Garden Update: #11 – Paper Wasps

This week I had planned to post a final RD recap but then I found this…

paper wasp nest

Nature is so fascinating, I spent almost an hour observing these paper wasps last night.

Paper wasps are 0.7 to 1.0 inch (1.8 to 2.5 cm)-long wasps that gather fibers from dead wood and plant stems, which they mix with saliva, and use to construct water-resistant nests made of gray or brown papery material. Paper wasps are also sometimes called umbrella wasps, due to the distinctive design of their nests

The nests of most true paper wasps are characterized by having open combs with cells for brood rearing, and a ‘petiole’, or constricted stalk, that anchors the nest. Paper wasps secrete a chemical which repels ants, which they spread around the base of the anchor to prevent the loss of eggs or brood.

Nests can be found in sheltered areas, such as the eaves of a house, the branches of a tree, on the end of an open pipe, or on an old clothesline.

Unlike yellowjackets and hornets, which can be very aggressive, polistine paper wasps will generally only attack if they themselves or their nest are threatened. Since their territoriality can lead to attacks on people, and because their stings are quite painful and can produce a potentially fatal anaphylactic reaction in some individuals, nests in human-inhabited areas may present an unacceptable hazard.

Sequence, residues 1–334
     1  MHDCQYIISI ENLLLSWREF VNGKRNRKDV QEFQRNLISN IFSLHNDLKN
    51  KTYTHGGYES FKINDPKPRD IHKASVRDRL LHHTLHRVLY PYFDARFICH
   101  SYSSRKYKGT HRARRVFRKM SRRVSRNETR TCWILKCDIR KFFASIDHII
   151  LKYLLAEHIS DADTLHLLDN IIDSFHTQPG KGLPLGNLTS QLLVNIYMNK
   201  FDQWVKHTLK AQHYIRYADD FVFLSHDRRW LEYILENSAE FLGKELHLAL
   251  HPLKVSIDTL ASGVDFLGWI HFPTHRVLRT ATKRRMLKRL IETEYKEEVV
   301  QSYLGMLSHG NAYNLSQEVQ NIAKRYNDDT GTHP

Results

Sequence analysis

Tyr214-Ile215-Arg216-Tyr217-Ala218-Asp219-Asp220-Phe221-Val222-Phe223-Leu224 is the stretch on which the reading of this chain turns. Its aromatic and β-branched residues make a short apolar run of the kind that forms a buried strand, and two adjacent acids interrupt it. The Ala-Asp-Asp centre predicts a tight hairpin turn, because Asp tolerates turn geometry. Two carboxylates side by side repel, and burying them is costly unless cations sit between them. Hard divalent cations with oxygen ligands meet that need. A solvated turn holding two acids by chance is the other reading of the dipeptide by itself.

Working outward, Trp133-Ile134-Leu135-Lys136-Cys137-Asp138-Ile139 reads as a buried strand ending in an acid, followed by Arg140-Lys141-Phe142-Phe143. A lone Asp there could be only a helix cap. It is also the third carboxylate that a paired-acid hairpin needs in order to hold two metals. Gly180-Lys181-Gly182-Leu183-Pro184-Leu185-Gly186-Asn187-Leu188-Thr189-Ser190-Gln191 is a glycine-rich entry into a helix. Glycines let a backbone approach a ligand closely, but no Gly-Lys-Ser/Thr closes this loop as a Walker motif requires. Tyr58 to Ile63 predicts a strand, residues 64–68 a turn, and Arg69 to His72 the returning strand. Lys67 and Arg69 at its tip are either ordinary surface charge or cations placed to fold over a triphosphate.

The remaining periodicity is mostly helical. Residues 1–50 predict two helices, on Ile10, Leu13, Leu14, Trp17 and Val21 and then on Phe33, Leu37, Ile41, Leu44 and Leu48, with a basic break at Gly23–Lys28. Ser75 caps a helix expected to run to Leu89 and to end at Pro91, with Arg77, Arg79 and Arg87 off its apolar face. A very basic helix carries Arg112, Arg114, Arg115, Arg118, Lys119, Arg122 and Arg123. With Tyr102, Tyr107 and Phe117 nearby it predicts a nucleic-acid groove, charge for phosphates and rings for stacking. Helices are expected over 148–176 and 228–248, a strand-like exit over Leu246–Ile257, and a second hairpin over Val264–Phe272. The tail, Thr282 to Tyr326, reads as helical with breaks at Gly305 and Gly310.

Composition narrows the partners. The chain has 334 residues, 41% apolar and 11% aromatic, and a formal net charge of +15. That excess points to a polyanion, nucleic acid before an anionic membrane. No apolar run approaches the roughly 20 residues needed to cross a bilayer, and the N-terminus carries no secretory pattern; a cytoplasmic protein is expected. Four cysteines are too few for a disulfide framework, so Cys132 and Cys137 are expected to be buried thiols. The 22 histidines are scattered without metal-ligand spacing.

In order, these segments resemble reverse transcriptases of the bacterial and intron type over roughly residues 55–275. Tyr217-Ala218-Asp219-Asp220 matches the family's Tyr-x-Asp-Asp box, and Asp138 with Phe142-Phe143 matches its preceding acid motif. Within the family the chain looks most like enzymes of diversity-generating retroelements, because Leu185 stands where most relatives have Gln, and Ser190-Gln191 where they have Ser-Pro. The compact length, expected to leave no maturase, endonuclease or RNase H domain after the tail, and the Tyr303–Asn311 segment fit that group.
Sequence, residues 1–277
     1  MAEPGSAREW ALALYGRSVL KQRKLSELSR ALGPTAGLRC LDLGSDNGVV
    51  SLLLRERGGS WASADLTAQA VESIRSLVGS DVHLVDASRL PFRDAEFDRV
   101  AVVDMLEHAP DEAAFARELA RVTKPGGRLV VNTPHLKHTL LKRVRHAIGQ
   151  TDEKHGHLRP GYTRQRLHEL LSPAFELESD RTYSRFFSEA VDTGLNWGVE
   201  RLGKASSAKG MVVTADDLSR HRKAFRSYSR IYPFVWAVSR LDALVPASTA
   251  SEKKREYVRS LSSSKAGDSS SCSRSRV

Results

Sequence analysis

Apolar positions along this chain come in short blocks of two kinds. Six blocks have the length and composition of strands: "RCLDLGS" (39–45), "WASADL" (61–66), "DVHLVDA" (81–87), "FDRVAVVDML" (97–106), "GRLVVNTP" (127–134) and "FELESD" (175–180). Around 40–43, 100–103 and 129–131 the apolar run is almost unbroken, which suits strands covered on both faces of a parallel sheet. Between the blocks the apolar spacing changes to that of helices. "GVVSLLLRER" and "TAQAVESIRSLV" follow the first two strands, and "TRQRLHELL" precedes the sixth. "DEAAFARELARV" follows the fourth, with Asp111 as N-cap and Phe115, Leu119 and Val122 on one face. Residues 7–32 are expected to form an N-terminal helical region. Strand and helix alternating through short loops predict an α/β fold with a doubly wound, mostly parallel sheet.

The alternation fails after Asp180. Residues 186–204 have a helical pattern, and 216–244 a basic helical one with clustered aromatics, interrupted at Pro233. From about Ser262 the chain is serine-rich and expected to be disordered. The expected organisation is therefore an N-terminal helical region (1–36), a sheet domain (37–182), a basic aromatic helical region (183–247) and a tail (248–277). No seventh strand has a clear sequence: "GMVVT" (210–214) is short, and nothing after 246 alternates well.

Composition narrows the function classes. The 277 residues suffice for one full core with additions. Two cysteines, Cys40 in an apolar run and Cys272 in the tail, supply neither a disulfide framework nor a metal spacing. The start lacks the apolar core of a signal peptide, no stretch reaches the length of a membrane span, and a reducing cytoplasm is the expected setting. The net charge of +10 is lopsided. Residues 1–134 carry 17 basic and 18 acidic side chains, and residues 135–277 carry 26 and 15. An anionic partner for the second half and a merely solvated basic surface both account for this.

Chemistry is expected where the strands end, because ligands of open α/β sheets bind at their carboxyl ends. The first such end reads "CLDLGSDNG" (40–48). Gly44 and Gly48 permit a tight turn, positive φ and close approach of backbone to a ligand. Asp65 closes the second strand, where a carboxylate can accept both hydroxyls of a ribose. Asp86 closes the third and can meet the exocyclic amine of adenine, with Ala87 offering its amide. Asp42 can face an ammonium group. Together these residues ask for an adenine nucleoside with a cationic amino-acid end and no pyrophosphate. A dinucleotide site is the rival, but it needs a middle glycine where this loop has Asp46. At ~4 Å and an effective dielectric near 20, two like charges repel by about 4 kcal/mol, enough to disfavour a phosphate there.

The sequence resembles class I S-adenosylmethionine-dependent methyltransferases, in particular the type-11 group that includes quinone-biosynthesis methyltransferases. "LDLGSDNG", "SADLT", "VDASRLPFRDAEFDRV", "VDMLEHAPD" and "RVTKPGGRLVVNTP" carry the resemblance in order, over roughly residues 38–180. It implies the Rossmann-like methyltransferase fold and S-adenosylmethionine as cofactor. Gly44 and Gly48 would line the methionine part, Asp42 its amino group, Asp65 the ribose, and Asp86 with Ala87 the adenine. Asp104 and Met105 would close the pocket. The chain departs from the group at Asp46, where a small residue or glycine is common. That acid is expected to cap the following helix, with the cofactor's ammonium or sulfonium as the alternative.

Most wasps are beneficial in their natural habitat, and are critically important in natural biocontrol.[4] Paper wasps feed on nectar and other insects, including caterpillars, flies, and beetle larvae. Because they are a known pollinator and feed on known garden pests, paper wasps are often considered to be beneficial by gardeners.

Read more, it’s super interesting.

In past years, we’ve had problems with these wasps. With all the wood from the deck and pallet planters, the RD makes for a perfect habitat. I know that nests multiply fast and the wasps will sting if they feel threatened but I don’t have the heart to destroy this beautiful creation … so I’ll leave it up to Fivey’s Godfather (sorry!), who’ll be taking over our beloved apartment in the next few weeks.


Fiver getting a little too close! The nest is in the upper left.